Human activities such as burning fossil fuels have been the primary driver of climate change over the past two centuries. Significant shifts in environmental phenomena such as weather patterns can result from greenhouse gases that, when emitted, trap heat and raise temperatures on Earth. It will take a considerable financial investment on the part of businesses and institutions to curb climate change. However, emerging evidence suggests that climate change may not be the only feature of greenhouse gas emissions we should be concerned about. As the debate surrounding global warming and climate change continues to evolve, the question of how greenhouse gas emissions impact organ systems such as the cardiovascular system has sparked intensive investigation.
We know that long-term exposure to polluting chemicals in the air can damage organ systems such as the cardiovascular system. However, a pooled analysis published September 2021 reviewed data from cohort studies from northwestern European countries and found that, even when kept at concentrations significantly lower than current European Union standards and World Health Organization (WHO) guideline limits, long term exposure to air pollutants such as Nitrogen Dioxide is associated with increased incidence of stroke and coronary heart disease. These results are contrary to the results of prior studies, which showed either a weak or non-existent association between cardiovascular disease and Nitrogen Dioxide exposure. Although there were some limitations to the study, such as a comparably small scale of exposure and differences in the accuracy of cardiovascular diagnosis, the study was comprehensive, with a large sample size and comparability between cohorts.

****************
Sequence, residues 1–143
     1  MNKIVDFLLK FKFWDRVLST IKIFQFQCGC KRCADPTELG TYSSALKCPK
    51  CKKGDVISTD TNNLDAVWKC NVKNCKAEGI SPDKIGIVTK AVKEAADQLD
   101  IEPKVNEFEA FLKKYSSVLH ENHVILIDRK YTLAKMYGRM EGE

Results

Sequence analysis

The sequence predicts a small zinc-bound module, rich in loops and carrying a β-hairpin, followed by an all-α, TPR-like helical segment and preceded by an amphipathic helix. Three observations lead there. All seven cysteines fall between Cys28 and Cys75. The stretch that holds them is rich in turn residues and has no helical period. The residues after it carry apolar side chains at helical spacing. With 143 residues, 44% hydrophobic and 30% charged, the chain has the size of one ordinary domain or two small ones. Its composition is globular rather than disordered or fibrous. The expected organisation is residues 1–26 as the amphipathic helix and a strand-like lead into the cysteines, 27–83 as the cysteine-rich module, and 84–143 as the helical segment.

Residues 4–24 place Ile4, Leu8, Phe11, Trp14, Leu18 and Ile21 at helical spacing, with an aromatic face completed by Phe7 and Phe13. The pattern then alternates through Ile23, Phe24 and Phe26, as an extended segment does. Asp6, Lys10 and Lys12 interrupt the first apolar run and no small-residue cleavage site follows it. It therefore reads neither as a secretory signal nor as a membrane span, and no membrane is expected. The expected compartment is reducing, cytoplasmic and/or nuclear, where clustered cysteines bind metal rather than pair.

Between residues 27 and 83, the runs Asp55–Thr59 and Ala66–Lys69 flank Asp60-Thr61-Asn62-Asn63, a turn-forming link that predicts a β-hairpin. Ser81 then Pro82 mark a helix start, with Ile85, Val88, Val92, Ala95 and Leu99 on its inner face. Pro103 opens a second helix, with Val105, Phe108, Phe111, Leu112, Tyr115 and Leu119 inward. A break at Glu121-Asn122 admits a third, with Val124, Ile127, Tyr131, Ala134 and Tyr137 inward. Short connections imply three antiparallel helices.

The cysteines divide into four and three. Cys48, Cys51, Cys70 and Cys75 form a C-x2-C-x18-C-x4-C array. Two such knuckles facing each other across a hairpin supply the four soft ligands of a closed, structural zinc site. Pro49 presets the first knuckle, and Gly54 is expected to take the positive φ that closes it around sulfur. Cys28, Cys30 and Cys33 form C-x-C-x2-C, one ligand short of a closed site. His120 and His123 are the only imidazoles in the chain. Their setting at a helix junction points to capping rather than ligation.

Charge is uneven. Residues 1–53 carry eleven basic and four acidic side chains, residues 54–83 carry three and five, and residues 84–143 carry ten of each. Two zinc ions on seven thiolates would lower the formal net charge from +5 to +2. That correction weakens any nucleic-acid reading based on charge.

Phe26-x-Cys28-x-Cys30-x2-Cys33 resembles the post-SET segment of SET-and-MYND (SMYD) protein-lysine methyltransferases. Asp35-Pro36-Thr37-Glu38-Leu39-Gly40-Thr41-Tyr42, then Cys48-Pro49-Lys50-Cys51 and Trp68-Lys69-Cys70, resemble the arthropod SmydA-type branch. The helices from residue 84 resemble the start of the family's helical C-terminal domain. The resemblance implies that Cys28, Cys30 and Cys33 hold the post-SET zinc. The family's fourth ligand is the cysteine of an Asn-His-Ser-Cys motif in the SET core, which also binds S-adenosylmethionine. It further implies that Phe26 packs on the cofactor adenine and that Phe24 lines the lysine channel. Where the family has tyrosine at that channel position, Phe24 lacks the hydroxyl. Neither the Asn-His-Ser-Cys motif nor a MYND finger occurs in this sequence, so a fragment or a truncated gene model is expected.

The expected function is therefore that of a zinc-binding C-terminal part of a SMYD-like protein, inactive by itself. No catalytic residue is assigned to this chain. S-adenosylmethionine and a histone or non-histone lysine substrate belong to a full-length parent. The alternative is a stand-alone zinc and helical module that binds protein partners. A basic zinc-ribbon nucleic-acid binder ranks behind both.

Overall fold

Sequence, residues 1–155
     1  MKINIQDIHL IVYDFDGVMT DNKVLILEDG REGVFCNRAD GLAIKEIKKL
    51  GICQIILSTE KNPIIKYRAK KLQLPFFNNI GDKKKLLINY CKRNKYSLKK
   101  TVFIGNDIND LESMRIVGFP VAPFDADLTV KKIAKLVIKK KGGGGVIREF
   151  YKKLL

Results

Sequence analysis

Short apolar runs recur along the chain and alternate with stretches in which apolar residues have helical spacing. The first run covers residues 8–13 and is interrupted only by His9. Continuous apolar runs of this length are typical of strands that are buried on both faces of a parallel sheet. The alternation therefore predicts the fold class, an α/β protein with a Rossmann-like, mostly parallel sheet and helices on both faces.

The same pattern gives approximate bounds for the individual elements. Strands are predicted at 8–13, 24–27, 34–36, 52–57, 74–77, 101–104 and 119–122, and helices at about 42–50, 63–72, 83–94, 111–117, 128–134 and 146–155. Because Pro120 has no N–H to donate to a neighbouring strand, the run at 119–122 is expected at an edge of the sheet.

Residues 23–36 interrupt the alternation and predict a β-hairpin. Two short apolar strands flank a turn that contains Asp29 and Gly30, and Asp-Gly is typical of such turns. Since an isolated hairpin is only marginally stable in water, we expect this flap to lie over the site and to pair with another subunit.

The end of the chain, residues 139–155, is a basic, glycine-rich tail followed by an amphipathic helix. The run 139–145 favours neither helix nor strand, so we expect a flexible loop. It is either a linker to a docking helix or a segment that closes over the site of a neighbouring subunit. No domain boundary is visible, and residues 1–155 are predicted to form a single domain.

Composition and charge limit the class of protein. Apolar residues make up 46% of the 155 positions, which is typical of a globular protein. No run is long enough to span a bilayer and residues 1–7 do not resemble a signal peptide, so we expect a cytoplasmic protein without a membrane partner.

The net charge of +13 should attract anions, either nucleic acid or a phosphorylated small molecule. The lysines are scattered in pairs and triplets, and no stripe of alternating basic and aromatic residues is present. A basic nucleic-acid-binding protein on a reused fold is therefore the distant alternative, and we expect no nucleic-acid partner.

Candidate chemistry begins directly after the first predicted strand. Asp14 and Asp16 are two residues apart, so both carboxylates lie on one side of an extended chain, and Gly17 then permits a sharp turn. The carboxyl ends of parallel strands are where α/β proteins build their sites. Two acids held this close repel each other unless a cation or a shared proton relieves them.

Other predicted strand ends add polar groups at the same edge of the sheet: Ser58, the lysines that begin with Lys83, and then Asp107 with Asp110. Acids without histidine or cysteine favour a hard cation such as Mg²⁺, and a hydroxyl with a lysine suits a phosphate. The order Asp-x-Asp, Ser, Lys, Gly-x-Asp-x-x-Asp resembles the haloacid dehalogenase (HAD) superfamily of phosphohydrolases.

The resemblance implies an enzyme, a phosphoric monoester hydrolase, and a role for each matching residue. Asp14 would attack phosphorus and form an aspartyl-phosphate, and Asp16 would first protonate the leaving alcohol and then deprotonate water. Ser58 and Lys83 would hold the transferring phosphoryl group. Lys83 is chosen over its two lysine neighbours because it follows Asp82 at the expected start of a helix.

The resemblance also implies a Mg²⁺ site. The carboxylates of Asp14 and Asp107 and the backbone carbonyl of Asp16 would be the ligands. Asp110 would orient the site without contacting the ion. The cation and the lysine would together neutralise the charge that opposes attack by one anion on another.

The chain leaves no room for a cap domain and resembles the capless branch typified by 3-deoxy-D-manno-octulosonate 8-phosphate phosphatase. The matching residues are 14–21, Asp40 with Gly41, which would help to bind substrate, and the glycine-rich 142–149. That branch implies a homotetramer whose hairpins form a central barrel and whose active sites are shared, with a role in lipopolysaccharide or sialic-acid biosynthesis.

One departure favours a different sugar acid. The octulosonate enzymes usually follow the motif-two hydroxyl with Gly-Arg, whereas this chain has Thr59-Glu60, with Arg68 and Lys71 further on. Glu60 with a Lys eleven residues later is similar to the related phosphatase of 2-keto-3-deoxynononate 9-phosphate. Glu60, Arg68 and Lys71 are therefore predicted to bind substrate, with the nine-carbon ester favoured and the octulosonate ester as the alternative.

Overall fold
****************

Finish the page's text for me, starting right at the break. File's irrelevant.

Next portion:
In April of 2018, the Environmental Protection Agency (EPA) published a final rule concerning Nitrogen Dioxide, in which they opted not to change current standards. They noted that although the case for a causal relationship was stronger than the prior rule regarding an association between long-term exposure and cardiovascular disease, it was nevertheless deemed “suggestive, but not sufficient to confer” a causal relationship. Given the significant global health burden associated with cardiovascular disease, policymakers should note the above recent evidence when it comes time to revise EPA standards around air quality, WHO air quality guidelines, and European Air Quality Standards, especially as they pertain to Nitrogen Dioxide.